It is perhaps useful to share with you the words of Nuruddin Farah, taken from his novel entitled Sweet and Sour Milk: “Every nation needs heroes in which to invest a past, heroes and legendary figures about whom one tells stories to children and future generations”. I want the UTG students and Alums to be our future generations of abundance of heroes and sheroes- be the generation that celebrates and appreciates achievements, performance, good values, discipline and creativity, at least more than our generation and generations before ours!
So, Dr Gomez and team, I thank you for a job thoroughly executed. Keep it up. Now, my challenge to all of you is to begin to take these beautiful and important literary works to film, theatre for local and global consumption! This can be done and it will be very a rewarding and gratifying contribution! So, UTG, School of Arts and Sciences, there you have it; the work has just begun and you will always have my support as you embark on that journey! We equally, look forward to yet other literature to emerge from UTG and her Alums and faculty!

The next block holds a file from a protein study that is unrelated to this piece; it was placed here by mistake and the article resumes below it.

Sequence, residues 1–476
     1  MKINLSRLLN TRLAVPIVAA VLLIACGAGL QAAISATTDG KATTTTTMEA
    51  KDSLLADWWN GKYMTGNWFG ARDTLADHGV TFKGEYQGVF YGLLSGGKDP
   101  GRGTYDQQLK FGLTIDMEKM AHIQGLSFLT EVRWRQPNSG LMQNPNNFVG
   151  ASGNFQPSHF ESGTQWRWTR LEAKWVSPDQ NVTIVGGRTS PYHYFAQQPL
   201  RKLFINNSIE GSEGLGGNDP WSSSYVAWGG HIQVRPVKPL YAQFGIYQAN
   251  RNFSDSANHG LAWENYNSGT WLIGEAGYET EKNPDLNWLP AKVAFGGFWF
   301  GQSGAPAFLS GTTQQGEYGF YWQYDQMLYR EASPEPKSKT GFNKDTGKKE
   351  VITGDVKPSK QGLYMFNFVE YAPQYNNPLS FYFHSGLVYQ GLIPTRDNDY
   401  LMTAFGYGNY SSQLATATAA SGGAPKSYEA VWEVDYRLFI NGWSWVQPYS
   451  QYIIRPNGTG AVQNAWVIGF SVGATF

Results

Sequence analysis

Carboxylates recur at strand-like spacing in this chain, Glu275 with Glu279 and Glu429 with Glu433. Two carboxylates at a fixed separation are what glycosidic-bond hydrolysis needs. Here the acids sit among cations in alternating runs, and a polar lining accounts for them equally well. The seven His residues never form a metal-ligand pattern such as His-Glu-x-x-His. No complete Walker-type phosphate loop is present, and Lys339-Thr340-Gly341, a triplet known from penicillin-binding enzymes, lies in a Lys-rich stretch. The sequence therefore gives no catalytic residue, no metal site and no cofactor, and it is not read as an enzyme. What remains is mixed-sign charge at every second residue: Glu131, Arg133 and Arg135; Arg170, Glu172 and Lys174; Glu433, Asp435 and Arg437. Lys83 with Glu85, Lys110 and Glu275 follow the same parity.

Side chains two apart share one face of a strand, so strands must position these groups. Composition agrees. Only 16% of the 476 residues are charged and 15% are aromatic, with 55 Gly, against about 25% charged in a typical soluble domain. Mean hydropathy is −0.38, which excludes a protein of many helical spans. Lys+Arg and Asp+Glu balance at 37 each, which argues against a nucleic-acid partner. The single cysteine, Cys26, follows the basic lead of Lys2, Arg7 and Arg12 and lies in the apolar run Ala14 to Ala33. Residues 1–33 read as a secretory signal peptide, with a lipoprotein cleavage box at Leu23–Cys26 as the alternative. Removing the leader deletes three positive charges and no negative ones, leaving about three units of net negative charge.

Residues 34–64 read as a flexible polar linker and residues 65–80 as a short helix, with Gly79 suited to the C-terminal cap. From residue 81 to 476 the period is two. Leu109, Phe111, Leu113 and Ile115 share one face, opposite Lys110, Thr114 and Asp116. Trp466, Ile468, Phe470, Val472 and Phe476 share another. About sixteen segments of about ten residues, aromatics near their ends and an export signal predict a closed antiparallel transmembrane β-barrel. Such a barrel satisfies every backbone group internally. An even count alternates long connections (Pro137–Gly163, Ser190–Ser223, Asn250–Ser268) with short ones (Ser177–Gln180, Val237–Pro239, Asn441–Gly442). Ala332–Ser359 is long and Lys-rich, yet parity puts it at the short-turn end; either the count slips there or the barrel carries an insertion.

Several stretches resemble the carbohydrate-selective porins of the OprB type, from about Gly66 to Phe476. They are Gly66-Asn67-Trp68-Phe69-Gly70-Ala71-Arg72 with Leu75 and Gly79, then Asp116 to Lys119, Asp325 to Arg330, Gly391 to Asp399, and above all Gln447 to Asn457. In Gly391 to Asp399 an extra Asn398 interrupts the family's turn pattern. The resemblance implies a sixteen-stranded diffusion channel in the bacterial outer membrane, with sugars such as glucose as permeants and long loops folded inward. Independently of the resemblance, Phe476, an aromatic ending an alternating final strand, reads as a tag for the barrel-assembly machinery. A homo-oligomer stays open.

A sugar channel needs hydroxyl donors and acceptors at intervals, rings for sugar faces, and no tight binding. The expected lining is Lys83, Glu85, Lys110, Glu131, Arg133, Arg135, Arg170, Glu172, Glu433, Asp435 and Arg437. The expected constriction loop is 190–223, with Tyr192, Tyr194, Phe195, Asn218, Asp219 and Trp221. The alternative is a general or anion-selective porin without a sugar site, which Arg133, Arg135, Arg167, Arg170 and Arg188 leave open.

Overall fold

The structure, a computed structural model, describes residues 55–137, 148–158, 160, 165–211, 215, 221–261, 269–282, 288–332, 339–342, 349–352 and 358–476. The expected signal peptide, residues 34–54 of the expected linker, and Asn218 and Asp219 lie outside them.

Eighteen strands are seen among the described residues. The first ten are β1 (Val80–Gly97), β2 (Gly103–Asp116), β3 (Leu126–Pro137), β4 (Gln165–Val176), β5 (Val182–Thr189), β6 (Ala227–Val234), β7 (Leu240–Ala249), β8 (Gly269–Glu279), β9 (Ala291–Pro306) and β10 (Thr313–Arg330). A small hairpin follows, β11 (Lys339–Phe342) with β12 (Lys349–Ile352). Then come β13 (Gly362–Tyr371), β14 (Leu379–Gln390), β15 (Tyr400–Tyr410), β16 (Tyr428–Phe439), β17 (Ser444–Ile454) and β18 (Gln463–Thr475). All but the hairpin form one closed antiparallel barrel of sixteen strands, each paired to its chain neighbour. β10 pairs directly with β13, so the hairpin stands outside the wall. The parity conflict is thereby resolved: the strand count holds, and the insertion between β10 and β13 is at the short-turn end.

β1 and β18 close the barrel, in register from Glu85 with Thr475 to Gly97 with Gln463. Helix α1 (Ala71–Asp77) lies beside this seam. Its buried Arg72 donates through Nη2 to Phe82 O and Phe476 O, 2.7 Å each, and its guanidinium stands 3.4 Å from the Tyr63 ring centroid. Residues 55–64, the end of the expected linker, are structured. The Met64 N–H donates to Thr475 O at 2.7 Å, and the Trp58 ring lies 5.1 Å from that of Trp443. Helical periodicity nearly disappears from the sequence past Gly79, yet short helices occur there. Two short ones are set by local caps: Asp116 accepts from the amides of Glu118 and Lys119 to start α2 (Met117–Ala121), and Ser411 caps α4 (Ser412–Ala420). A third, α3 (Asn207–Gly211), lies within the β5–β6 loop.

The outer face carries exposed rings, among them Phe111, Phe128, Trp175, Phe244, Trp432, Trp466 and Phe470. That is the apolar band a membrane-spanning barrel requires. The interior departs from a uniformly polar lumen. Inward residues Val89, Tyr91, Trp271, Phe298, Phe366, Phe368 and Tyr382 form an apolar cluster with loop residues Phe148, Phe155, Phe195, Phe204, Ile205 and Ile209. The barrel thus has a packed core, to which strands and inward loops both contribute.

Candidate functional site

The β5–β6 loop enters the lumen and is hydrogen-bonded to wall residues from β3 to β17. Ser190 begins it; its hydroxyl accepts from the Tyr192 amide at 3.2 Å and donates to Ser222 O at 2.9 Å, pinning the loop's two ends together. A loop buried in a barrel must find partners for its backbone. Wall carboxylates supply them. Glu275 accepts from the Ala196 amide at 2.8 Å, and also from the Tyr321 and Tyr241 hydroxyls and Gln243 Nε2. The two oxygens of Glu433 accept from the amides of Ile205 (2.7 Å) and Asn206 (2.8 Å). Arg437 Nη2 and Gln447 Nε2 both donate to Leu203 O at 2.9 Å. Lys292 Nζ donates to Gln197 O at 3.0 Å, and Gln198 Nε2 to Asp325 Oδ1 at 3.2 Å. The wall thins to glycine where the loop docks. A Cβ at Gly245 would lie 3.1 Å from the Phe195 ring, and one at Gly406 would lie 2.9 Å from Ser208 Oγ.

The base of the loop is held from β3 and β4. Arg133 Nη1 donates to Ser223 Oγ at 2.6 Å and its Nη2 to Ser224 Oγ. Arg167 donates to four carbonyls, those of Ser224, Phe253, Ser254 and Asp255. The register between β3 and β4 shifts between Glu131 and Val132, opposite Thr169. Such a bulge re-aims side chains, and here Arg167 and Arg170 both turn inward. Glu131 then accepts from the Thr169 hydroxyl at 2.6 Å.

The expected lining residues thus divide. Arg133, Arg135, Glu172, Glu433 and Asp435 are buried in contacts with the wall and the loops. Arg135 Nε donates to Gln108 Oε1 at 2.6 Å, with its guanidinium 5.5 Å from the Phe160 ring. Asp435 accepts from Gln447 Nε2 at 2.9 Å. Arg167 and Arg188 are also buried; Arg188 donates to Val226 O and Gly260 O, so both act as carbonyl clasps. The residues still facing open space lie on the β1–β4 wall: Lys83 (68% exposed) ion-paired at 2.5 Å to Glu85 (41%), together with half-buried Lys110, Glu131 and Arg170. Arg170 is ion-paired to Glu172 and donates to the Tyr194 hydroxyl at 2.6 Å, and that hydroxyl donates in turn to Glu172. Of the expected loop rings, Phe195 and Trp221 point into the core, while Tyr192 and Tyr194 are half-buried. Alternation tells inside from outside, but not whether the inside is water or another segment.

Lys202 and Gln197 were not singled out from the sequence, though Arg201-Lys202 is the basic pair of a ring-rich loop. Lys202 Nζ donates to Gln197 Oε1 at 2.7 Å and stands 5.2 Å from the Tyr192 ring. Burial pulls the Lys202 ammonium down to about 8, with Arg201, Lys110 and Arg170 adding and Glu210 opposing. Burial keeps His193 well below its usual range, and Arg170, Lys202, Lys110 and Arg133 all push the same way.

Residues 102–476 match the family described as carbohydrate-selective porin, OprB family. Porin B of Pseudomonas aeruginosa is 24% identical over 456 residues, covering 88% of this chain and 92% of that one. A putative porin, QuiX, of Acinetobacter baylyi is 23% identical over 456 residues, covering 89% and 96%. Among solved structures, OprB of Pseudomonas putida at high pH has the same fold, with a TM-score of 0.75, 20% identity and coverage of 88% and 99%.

Again, Bravo! On that note, I hereby declare this first ever documentary on Gambian Literature entitled “The Emergence of Gambian Literature” launched.
I thank you for your kind attention.
29th September, 2014.
UTG Digital Campus, Brikama]]>